Abstract: The purpose of this article is to test an explanation for the atypical nature of the development of demesne lordship in western Estonia1 in early modern times. My proposed hypothesis concerning the development of early modern demesne lordship in the Baltic Sea region takes as its starting point the impact on private land ownership in Europe caused by governments’ extension of their political powers and increasing conflicts. The twenty-first-century discourse about raison d’état has here been broadened with additional arguments about the role of the early modern military state in the development of demesne lordship in the Baltic Sea region, following the reasoning behind Braudel’s and Wallerstein’s center–periphery models.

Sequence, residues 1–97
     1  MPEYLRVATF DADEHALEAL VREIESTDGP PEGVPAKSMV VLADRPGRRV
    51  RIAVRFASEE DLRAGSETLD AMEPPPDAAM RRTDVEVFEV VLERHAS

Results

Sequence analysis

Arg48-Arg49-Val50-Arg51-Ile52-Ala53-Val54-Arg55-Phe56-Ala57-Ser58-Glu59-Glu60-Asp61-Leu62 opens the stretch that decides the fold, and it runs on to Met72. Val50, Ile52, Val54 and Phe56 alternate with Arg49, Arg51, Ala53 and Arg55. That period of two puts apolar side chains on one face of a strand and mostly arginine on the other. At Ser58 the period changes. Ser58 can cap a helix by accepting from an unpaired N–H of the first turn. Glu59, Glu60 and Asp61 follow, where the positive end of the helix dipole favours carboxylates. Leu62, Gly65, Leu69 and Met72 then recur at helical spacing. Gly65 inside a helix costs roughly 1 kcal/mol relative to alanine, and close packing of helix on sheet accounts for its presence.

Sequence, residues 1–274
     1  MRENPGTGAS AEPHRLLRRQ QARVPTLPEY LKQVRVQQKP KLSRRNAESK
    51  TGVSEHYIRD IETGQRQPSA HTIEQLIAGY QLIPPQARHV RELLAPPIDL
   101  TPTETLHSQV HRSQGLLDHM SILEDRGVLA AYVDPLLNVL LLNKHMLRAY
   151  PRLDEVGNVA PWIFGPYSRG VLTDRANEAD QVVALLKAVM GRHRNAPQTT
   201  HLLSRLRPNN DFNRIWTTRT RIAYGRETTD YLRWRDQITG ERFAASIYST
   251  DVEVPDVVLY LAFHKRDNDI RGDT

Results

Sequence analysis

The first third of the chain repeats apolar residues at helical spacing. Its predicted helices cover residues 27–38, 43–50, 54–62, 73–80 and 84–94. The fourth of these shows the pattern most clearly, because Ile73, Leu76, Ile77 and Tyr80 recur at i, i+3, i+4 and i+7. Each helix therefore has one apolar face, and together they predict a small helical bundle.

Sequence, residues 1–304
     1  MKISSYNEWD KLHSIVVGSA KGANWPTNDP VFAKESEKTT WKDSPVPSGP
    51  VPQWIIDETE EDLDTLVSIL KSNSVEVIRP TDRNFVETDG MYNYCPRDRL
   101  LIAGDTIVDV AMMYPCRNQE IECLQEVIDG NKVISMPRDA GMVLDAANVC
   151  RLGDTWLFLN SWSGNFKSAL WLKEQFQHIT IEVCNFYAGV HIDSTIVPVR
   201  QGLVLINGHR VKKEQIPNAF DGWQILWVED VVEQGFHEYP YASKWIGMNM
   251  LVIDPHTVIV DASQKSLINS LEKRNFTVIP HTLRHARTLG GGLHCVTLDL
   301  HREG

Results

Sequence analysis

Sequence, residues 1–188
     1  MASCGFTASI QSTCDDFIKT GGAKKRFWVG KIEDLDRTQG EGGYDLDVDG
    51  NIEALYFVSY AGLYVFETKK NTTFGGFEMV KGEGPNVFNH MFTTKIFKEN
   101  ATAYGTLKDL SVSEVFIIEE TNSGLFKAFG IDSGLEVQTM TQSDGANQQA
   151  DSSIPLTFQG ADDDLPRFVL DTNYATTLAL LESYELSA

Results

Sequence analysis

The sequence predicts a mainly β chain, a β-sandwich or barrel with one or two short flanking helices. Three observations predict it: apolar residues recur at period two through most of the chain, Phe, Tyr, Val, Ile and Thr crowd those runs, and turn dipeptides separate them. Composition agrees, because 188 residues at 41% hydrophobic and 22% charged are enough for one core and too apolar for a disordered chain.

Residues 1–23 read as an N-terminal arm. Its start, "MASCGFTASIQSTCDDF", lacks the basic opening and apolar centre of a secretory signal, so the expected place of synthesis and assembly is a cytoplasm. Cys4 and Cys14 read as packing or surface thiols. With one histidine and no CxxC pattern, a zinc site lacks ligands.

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Andreas Fülberth, Riga: Kleine Geschichte der Stadt, Cologne: Böhlau Verlag, 2014
“Phantom Borders in the Political Geography of East Central Europe”, Erdkunde 69, no. 2 (2015), ed. Sabine von Löwis
Lena Jonson, Art and Protest in Putin’s Russia. London and New York: Routledge 2015, 399 pages.
Helmut Müssener, Wolfgang Wilhelmus: Stettin Lublin Stockholm. Elsa Meyring: Aus dem Leben einer deutschen Nichtarierin im zwanzig-sten Jahr-hundert., 2nd edition. Rostock: Ingo Koch Verlag, 2014.
Richard Sakwa, Frontlinje Ukraina: Krisen i gränslandet mellan Ryssland och Europeiska unionen; Frontline Ukraine: Crisis in the Borderlands, Karneval förlag; London: I. B. Tauris, 2015, 349 pages
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